Several people have called me prudish for writing my “i love boobies” post. I’m totally comfortable with this label because I believe our girls are growing up in a hyper-sexualized world. If someone thinks I am overly sensitive about modesty, well, someone’s got to push the other way, right?
When I taught at a Catholic high school, I was in charge of monitoring the girls’ dress code. What a great gig – extolling the virtue of modesty to teens everyday. As I would walk down the hallways, girls immediately started checking the buttons on their shirts to make sure they weren’t unbuttoned too low or tugging at their skirts trying to make them longer. This was good for them. There was a voice in their head telling them to cover-up among all those voices telling them to bare it all. It is all too common for a teenage girl to believe that her power lies in how sexy she is. Being “hot” and making boys “want them” is the goal, not being kind or smart or funny.
And I’ve known all this for…pretty much as long as I’ve been alive. I remember being really young, like 7, and knowing that if I rolled up my shorts to make them shorter, maybe that cute boy with the glasses might like me. I was 7! I had no idea why that would make him like me more, I just knew that’s how people on TV did it. I didn’t know I was buying into the sexualization of women. I just knew that a force (i.e. the media) out there was telling me I could get a guy because of my looks instead of being an interesting conversationalist or a good basketball player or a really great pog player.
Recently, Olivia and I were walking along a strip mall to pick up something for lunch and we passed by a tanning salon. This salon had a HUGE picture of a woman in a bikini on the outside window. It was larger than life. The woman was probably 8 feet tall, tan, so skinny you could clearly see her ribs, and wearing a skimpy triangle bikini. I noticed it because of its sheer size but really gave it no other thought and continued walking. Olivia stopped dead in her tracks, let go of my hand, and gawked at it until I called her.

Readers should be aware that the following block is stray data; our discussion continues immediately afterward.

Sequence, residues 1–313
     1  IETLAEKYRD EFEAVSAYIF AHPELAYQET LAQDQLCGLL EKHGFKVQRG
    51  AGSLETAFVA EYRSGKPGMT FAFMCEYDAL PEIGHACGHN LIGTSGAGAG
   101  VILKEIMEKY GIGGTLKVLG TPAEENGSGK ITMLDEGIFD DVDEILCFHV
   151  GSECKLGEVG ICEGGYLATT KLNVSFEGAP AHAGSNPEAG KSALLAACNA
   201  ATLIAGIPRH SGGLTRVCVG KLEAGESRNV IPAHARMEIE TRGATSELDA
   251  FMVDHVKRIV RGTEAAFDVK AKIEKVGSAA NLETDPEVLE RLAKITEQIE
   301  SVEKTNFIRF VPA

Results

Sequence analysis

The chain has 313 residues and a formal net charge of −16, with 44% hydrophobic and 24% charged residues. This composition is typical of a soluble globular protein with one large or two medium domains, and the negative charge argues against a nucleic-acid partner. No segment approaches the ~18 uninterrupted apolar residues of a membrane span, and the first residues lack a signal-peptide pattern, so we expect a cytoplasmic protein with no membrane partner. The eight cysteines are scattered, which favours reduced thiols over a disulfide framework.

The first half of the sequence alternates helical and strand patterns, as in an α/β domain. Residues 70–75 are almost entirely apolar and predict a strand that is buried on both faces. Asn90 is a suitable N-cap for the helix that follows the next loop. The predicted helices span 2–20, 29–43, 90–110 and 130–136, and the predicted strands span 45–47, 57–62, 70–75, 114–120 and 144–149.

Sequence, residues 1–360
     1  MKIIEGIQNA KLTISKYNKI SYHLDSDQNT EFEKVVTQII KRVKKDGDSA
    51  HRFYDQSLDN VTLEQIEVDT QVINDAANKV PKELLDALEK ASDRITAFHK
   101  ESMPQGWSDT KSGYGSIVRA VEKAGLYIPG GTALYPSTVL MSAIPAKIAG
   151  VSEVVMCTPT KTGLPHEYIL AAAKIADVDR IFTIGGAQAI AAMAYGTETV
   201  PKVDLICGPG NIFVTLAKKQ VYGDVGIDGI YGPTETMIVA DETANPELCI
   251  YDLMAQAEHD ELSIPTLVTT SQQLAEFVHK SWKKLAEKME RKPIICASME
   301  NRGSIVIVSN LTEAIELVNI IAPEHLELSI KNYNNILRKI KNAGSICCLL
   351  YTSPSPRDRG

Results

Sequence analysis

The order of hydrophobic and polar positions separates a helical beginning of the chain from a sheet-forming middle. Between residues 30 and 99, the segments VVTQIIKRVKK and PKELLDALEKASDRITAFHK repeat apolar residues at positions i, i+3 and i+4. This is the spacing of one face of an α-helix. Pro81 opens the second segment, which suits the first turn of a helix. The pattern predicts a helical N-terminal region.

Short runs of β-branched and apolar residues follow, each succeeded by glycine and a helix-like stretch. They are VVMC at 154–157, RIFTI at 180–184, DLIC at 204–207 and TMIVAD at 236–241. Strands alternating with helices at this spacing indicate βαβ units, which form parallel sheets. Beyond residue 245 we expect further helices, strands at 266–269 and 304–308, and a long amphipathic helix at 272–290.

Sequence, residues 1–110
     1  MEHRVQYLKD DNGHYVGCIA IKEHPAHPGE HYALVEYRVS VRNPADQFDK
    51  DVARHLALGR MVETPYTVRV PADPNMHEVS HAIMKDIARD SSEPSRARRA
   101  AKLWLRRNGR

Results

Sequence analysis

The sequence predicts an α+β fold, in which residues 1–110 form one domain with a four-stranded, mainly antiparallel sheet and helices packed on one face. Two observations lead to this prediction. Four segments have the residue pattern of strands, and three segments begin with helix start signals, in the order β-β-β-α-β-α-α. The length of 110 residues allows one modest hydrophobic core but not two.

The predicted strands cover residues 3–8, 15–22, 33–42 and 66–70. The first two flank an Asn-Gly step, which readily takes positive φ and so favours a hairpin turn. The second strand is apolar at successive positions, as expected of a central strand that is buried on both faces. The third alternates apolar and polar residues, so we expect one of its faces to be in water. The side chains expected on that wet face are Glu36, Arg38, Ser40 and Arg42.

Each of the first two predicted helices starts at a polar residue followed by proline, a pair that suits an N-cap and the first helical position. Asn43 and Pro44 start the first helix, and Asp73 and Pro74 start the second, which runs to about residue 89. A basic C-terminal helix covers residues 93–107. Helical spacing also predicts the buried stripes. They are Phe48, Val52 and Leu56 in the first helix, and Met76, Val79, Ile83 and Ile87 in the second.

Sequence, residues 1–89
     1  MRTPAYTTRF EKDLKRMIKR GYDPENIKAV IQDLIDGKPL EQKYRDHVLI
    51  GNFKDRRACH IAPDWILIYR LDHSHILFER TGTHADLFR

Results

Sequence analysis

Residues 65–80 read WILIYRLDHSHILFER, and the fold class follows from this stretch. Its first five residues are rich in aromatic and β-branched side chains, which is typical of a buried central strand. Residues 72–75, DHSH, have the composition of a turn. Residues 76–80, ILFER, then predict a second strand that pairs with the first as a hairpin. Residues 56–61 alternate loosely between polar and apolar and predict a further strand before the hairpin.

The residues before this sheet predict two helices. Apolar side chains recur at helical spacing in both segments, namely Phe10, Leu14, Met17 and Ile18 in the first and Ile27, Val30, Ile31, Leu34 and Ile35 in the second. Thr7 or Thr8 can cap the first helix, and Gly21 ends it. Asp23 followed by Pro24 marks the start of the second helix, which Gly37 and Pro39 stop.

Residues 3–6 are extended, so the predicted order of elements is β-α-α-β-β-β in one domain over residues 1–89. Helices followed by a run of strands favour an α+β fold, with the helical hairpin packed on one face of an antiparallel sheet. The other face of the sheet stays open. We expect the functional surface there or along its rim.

Having two little girls, I’ve thought a lot about how to raise them in a way that they are empowered by their talents and abilities rather than their “sexiness”. I figured that once they started nearing middle school we would start talking about body image and such. This incident made me realize, no, we need to start talking about body image right now. Of course, I don’t think Olivia quite knew what she was looking at and was probably more impressed with the size of the picture, but this is how it all starts, right? From the age they are able to identify what pictures are, girls (and boys) are bombarded with being skinny, being hot, having big “boobies”, etc.
I began doing some research on how to raise girls with self-confidence and a good body image. I was really surprised by some things that I read. Apparently, the average age that girls start dieting now is 8. And while the media does its part, parents are a huge factor in how girls see themselves. I read about how buying them clothes, even at this young age, will affect how they see themselves. How we should dress girls in a way that makes them look like kids, not like little versions of sexy adults — women don’t get “good mom” points because their 4 year old looks hot. How Brandon and I constantly complaining about our weight will affect how our girls see weight issues. How we should be praising Olivia for how well she can run and jump rather than how pretty she looks in her Sunday dress. Some pretty common sense stuff — but good to hear so we can be reminded.
As parents, and as people who have young girls in their lives (nieces, goddaughters, granddaughters,) we can do our part to make sure our girls know that God made them to look like themselves and not like an ad on the tanning salon window.
So if I come off as being prudish, fine. You can thank push-up girls’ bikinis.